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Some of our food pantries offer financial assistance as well as food. They don't advertise, you have to ask them about it. Also, some churches will help financially with basic living expenses. Have they looked into that?
 

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Sorry - I don't have any tips to offer but what you are doing is very kind Cea :). Would love to have a neighbour like you.
 

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How about outdoor solar lights? You could get the ones that hang instead of stick in the ground, and put them by a window. Use them in place of indoor lights. I don't know how long the light would last, though.
 

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In my town there are a few parks that have community bake ovens (large stone ovens for baking multiple loaves of bread)...is there anything like that in your town? Maybe she could make use of those while other groups are using them?

I also have a vague memory of a method of cooking rice by soaking it in very hot water and wrapping the pot in blankets and putting it under the covers in bed (maybe from Living More w/Less?)...I'll try to get some more specifics.

She is lucky to have such a caring neighbour!

Also, is it me or is anyone else INFURIATED that her husband's boss is charging them for dry ice?
 

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One other thing...sometimes churches or community centres have community kitchen nights where a bunch of people get together to cook and eat (usually leftovers to take home after).

Is this affecting her heat or is that gas? In Ontario, utility companies are not allowed to turn the heat off between November and March because it endangers people's lives.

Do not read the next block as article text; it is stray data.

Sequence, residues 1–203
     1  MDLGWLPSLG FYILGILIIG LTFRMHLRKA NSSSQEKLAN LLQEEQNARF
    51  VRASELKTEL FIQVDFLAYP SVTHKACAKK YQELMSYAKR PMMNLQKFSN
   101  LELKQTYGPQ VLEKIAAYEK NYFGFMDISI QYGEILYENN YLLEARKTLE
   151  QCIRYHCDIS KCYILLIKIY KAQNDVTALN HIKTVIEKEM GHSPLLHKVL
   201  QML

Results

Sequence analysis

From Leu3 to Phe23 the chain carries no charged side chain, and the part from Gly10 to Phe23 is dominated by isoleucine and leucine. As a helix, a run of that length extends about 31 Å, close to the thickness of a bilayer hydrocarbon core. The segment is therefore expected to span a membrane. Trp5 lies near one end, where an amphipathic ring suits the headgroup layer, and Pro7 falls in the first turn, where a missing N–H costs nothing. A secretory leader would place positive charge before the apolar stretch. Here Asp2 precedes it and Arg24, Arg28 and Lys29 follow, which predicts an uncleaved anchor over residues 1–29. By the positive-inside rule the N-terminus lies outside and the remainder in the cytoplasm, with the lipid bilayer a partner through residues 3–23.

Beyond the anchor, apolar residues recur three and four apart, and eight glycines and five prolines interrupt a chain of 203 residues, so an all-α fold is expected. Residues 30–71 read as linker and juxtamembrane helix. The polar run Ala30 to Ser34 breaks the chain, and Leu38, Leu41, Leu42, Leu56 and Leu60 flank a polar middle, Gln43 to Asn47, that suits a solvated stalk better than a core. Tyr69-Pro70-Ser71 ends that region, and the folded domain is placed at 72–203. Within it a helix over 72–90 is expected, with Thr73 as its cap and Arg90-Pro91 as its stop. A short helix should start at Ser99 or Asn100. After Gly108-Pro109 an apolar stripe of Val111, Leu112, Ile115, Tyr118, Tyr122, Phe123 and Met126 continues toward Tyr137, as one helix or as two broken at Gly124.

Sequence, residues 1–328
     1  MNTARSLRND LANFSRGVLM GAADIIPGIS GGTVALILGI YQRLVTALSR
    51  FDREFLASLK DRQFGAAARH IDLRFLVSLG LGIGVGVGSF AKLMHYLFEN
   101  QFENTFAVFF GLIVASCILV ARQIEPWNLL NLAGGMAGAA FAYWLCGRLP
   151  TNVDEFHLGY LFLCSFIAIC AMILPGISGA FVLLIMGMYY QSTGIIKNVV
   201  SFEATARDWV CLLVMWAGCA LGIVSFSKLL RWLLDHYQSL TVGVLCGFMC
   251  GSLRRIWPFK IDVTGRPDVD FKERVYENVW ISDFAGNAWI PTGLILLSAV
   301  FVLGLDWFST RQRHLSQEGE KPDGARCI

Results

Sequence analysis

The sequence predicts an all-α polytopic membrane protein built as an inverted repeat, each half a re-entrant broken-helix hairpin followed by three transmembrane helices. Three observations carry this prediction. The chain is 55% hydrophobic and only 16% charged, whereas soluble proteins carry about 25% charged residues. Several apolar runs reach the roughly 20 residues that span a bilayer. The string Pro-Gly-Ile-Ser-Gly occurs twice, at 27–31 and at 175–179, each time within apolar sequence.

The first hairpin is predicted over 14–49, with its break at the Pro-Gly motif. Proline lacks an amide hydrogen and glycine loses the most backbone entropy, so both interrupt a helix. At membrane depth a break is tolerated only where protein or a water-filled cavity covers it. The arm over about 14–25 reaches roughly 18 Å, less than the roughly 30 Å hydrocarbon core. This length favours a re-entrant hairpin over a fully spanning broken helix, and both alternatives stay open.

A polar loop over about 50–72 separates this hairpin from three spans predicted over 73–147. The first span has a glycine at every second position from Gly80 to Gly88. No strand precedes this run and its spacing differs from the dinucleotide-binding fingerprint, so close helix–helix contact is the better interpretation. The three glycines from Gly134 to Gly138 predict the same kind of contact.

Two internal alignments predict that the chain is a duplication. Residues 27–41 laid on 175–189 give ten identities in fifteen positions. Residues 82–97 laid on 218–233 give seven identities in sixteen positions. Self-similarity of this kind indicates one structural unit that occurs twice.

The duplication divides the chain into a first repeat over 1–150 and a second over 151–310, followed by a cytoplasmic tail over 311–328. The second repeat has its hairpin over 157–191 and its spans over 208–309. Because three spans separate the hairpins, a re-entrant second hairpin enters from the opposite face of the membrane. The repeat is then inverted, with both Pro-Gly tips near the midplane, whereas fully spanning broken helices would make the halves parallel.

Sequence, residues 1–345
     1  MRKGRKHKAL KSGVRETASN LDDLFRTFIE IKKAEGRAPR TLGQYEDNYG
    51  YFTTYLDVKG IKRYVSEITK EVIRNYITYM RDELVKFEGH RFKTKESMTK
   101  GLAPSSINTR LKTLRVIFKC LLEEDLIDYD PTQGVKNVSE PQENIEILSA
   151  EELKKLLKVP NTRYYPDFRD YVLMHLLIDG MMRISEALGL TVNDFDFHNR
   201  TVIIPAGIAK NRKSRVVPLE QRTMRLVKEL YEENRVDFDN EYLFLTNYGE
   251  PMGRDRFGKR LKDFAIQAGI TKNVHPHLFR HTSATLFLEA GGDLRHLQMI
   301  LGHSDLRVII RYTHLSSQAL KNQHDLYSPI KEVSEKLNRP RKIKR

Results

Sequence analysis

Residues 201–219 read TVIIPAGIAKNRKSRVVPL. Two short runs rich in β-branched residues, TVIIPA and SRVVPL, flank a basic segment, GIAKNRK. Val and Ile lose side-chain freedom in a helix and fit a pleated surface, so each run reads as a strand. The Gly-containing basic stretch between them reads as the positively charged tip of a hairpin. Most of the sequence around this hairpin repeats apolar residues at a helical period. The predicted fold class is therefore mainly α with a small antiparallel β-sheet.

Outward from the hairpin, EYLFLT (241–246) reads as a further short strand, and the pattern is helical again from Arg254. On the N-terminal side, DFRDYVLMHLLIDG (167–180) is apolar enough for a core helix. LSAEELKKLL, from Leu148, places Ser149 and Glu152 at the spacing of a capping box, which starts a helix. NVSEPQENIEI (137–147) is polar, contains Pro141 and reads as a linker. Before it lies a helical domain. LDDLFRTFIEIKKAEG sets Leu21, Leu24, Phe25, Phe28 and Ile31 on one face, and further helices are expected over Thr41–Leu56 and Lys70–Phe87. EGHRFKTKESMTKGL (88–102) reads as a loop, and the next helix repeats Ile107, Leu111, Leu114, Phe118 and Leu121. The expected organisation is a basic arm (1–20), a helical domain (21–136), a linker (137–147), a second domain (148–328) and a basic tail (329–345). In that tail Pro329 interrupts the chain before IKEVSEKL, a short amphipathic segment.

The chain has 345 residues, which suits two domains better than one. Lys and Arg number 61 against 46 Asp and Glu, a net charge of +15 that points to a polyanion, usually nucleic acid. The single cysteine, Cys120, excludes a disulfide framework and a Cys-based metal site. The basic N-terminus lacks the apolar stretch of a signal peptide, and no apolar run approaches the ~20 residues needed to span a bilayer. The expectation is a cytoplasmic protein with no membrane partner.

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They should be able to get canned sterno at a hardware store. Here is how to make a stove from a tin can: Tin Can Sterno Stove

With a small aluminum (this heats faster) pan they can make hot water to pour into their coffee filter basket (NOT into the back of the machine) to make coffee. They can also heat soup this way. With careful use each can will last two days or more.

The biggest problems I had cooking over a grill or charcoal fire are that the heat is real uneven, things burn on one side and are half raw on the other. With meat you can move it around. It's trickier if you are trying to cook eggs or make rice in a pan. And it's real hard on your pans. They get black and burned on the bottom and take forever to scrub, so expect that.

Right now I think they should concentrate on room temp foods like PB&J, fresh fruit and things that don't need refrigeration. It's important that anything they cook get eaten within 24 hours, before bacteria has a chance to set it, even if they keep it in the cooler.

If they do cook, it should be quick stuff, pork chops, not pork shoulder. Hotdogs or burgers, not chicken breast. Instant rice or noodle dishes, not ones that have to be cooked 30 minutes. Couscous is a great starchy side, just add hot water and let it sit (no additional cooking required).
 

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Buy regular ice if they have a cooler. A seven lb bag a day is waay cheaper than the dry ice.

run an extension cord to them for fridge and a few lights.